By Christopher Borro
Recent state budget cuts affecting state universities were a major concern at the League of Women Voters of Johnson County public forum on Jan. 27.
On Jan. 25, the state Senate proposed a bill that would cut funding to the University of Iowa by around $8.6 million in order to balance the state budget. It would also cut funding to community colleges and the other two public universities in the state, Iowa State and the University of Northern Iowa.
Rep. Dave Jacoby, D-Coralville, a member of the panel, described the budget situation as “a mess.”
“Who isn’t proud to be a Hawkeye?” he said. “[The UI] attracts the best students, and we’re getting a good mainframe of helping students with their education, but … we’re not valuing a four-year education like we should.”
Rep. Amy Nielsen, D-North Liberty, was also dismayed about the current budget situation.
“I’d rather the schools not have to work under such budgetary constraints,” she said. “But they’ve done a good job of dealing with that. So far, we’re not seeing students’ test scores suffer.”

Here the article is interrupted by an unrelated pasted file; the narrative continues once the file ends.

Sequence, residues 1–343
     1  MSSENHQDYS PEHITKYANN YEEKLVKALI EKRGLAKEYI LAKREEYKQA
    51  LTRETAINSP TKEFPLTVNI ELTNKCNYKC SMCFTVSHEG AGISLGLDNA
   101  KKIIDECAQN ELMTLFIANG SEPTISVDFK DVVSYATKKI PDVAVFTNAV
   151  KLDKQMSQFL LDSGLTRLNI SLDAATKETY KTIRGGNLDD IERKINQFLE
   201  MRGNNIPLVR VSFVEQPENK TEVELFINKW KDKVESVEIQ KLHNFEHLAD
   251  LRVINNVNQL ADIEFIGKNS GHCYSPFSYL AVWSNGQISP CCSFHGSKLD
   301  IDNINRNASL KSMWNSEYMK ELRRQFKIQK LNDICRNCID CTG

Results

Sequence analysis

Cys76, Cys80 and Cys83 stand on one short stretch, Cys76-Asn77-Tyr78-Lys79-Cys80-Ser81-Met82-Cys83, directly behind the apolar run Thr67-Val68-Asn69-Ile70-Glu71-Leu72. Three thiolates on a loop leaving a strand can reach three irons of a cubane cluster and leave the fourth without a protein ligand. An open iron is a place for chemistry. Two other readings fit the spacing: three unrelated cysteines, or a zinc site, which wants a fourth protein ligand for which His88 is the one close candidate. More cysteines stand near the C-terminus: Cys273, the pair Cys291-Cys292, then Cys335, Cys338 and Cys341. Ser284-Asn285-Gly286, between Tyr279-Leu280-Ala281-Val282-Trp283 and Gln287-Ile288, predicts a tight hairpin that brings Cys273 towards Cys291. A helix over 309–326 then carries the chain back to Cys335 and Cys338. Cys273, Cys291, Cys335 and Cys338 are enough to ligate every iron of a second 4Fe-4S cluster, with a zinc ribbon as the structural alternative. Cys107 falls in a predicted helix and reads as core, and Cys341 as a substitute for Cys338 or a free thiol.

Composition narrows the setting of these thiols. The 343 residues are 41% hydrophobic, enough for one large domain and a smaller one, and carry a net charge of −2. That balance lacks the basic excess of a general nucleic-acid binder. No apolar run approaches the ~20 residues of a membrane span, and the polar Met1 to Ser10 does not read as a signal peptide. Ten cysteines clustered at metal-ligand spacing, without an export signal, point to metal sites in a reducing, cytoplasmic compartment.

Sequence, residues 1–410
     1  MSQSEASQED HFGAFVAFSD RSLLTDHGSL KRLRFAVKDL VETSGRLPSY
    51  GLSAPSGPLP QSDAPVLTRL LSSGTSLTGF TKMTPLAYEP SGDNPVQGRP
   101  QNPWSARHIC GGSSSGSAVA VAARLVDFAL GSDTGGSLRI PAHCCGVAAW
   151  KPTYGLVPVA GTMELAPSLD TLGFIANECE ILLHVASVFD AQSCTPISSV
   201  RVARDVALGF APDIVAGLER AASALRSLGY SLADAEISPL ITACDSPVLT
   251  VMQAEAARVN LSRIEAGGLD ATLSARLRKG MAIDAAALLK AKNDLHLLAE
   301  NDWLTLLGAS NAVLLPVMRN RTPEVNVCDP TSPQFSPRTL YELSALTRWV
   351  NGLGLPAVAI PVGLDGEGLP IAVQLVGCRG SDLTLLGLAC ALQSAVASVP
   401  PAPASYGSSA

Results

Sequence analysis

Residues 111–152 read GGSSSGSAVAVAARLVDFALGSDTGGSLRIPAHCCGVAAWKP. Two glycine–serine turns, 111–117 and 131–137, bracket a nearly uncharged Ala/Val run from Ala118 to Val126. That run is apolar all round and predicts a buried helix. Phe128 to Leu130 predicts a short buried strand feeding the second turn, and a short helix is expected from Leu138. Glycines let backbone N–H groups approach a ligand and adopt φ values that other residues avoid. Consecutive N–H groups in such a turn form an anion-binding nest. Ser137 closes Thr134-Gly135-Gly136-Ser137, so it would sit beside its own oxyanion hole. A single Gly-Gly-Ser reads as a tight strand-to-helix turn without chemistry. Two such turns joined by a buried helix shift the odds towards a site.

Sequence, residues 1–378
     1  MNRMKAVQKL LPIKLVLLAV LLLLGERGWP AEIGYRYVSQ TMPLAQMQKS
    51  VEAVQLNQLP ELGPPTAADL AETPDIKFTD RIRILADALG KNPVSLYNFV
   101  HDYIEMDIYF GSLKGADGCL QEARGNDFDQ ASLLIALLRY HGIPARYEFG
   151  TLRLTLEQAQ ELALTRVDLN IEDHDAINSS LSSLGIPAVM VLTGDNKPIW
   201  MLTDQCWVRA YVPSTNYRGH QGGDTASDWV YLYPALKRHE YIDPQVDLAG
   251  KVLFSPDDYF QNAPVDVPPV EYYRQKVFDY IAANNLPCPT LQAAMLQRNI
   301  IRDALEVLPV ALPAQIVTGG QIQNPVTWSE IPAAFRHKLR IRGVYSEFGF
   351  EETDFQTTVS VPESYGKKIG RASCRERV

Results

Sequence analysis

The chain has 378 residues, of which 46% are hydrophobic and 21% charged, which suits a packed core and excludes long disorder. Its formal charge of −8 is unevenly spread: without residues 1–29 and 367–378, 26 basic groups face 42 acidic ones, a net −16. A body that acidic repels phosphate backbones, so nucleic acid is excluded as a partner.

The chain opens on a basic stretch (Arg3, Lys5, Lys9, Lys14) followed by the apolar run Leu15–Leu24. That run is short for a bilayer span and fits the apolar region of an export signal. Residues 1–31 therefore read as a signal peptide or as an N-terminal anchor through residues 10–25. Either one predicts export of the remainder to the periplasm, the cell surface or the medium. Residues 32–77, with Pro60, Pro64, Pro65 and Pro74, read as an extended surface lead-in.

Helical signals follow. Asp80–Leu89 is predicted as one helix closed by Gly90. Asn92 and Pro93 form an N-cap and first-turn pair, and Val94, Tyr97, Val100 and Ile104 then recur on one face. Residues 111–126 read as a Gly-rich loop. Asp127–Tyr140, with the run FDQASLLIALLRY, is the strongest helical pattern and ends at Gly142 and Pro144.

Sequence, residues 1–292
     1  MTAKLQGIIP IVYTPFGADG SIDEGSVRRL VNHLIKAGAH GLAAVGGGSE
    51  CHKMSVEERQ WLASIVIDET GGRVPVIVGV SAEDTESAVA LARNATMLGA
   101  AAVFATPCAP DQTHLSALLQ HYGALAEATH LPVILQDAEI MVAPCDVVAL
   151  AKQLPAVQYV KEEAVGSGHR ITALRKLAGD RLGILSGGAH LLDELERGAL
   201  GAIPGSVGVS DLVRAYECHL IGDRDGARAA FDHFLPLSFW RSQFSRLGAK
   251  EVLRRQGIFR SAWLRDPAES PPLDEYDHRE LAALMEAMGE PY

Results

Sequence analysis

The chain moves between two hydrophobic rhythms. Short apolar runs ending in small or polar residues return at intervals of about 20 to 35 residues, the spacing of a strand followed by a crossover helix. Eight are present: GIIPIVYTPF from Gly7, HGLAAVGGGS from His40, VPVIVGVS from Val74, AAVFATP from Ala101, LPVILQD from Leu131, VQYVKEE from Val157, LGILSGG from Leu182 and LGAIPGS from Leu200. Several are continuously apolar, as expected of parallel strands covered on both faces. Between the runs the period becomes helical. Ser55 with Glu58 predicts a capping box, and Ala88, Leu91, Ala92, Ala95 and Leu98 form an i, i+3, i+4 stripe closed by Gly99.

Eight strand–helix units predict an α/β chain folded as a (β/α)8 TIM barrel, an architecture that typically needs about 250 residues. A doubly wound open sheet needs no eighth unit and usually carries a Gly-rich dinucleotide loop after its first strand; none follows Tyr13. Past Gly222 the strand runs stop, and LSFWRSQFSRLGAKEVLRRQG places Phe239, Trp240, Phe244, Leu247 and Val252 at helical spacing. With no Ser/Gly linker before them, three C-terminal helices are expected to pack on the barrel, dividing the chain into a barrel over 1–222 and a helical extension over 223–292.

The event was co-hosted by the Iowa City Education Association, the Iowa City School District, and the UI.
Topics ranged from funding transportation and lunch programs for summer schools to a discussion about raising the standards of early childhood education.
The Iowa Virtual Academy was another issue. The pilot program constitutes an online K-12 education at two Iowa locations, CAM School District and Clayton Ridge, where classes are entirely conducted online.
Nielsen said she did not view this program as a success.
“They have bad test scores, high dropout rates, and low engagement,” she said. “Students don’t have any kind of social interaction with peers.”
League of Women Voters coordinators said this event was one of a series of forums, to be followed in February and March with discussions on the environment and housing situations.
Event organizer Paula Vaughan said that through the series, the organization hopes the public becomes more informed.
“That’s the whole purpose,” she said. “Constituents can hear directly from their legislators. They learn what’s going on in Des Moines. People, when they have an interest in a particular topic, they’ll know who to talk to, they’ll know when it’s time to talk to somebody, and they can track bills they’re interested in. It’s really public education.”